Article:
Essential oils are concentrated substances. It is easy to use too much and cause skin irritation or sensitization.
How can we use them safely when making DIY skinacre products?
There are many factors to consider when creating your own natural body care and skincare products. Essential oils are an important part of many homemade products and must be diluted correctly in order to be safe.
I have written about diluting essential oils for use in natural body care in the past, but that post is a very general overview.
In it, I share the basic guidelines for creating safe products along with information on how to calculate dilutions from 1-5%.
This is a good starting place. But, more information is needed as each specific essential oil has its own set on unique constituents, benefits, and cautions.
Today I want to share some more detailed information on specific essential oils.
It is important to know the correct dilution of any essential oil you choose to use. So, I hope this post will be a handy reference tool for you to find some of that information.
That said, it is impossible to cover everything in one blog post or reference chart. Entire books (very expensive ones!), such as Essential Oil Safety by Robert Tisserand, are devoted to this topic.
You will also find many courses, workshops, and certification programs that include in-depth information on this. So, please note that while I aim to share information that will be helpful to you, this topic is extremely large and complex and cannot be covered in a quick and easy fashion.
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A few Cautions when using Essential OIls in skincare
Using essential oils on the skin should always be approached with caution. When it comes to using essential oils in homemade skincare for the face, I encourage you to use a light hand.
When creating a product for the face, essential oils should not be used at more than 1% of the overall product.
1% is only 6 drops in one ounce of product.
In some cases, you will want to use even less.
If diluting to 0.5%, you will only need 3 drops per 1 ounce of product.
If using a product close to the eyes, I suggest leaving essential oils out entirely.
When making products for the body, then slightly more can be used. Up to
Dermal Limits of Essential OIls for Skincare
Not all essential oils fit into the tidy box of diluting to 1% for skincare use. In fact, there are some essential oils that need to be diluted to 0.2% (such as Rose Absolute). That's quite a lot less than 1%.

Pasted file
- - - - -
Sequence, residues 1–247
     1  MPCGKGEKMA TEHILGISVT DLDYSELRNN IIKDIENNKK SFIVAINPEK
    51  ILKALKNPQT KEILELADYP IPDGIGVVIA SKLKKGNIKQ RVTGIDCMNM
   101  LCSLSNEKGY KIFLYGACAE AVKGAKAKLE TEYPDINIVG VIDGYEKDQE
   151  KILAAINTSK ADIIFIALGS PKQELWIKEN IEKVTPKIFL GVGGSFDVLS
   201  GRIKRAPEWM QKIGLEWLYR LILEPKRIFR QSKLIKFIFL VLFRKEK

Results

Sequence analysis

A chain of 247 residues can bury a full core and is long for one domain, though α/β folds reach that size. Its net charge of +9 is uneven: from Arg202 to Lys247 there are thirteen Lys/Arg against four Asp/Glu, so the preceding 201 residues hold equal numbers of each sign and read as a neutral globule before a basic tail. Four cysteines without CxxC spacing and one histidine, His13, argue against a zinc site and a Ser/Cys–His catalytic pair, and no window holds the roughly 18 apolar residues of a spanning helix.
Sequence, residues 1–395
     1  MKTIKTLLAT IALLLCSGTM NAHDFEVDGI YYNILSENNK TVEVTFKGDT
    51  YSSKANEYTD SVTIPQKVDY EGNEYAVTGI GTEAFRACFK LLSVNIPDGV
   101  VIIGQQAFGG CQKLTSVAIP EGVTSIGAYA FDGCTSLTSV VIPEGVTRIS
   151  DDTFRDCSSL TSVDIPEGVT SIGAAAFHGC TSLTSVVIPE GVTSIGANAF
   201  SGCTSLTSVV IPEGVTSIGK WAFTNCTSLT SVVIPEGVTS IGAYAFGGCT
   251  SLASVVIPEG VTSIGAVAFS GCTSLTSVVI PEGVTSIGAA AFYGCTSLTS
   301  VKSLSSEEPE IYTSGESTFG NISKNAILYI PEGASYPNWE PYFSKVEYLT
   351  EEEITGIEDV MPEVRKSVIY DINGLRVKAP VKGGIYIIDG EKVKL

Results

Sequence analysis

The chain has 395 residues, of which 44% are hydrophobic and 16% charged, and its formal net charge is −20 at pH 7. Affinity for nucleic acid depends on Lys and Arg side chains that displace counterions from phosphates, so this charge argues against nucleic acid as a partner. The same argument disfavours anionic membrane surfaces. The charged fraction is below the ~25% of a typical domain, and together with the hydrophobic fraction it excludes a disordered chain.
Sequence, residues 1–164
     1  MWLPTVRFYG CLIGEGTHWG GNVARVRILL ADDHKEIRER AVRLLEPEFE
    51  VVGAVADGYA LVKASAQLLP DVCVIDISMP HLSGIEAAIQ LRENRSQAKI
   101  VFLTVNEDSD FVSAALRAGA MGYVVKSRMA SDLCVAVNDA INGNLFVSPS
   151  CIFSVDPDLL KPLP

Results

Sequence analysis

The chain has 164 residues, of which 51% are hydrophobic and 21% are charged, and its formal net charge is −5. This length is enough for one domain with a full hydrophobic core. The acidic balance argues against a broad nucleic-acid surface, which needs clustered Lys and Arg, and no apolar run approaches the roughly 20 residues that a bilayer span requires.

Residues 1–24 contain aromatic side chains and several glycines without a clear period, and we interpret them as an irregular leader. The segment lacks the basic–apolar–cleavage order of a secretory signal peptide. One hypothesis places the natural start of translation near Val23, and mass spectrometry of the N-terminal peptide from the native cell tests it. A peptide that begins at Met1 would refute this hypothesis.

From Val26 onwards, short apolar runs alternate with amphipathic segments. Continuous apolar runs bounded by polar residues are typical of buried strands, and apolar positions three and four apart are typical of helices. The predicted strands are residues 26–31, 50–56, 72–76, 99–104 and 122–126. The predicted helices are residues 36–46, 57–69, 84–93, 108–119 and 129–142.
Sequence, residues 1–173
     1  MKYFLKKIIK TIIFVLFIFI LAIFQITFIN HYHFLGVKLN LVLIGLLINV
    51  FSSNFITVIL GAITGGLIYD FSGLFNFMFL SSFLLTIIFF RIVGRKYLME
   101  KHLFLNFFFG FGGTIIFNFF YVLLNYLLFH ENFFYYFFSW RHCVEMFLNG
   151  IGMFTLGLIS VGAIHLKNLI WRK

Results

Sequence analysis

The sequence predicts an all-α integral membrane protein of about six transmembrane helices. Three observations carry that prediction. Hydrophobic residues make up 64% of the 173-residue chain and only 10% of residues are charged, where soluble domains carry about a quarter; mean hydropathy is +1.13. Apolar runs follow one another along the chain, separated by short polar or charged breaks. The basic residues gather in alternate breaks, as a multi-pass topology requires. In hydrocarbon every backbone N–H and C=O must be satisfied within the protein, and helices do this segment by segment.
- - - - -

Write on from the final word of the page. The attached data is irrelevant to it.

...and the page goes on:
Below you'll find a few essential oils that need special consideration.
Bergamot (expressed) Citrus bergamia – 0.4% (phototoxic)
Grapefruit – 4%
Geranium Pelargonium x asperum – 0.5% (for facial care)
Jasmine absolute Jasminum grandiflorum,Jasminum officinale – 0.7%
Lemon balm (Melissa) – 0.33%
Lemongrass – 0.6%
Lime (expressed) – 0.7%
Neroli (orange blossom) Citrus x aurantium L. – 4%
Orange (sweet) Citrus sinensis L. – 5%
Rose absolute (otto) – 0.02%
Ylang-Ylang Cananga odorata – 0.4% (use only .08% for body care)
Phototoxic essential oils
It's also important to be aware of which essential oils are phototoxic.
A number of essential oils contain furanocoumarin which reacts to UV light. This can cause skin inflammation which could be quite severe.
Phototoxic essential oils include:
- Angelica Root
- Bitter Orange
- Fig Leaf
- Lemon (cold pressed)
- Lemon verbena
- Lime (cold pressed)
- Mandarin Leaf
Citrus essential oils have a reputation for being phototoxic, but not all citrus essential oils are. And sometimes it depends on how they are produced.
For example, cold-pressed lemon essential oil is considered phototoxic, but steam-distilled lemon is considered to have low risk. The same goes for lime.
Mandarin Leaf is considered phototoxic, but cold-pressed mandarin is not.
If you have any questions about diluting essential oils for homemade skincare, please let me know.
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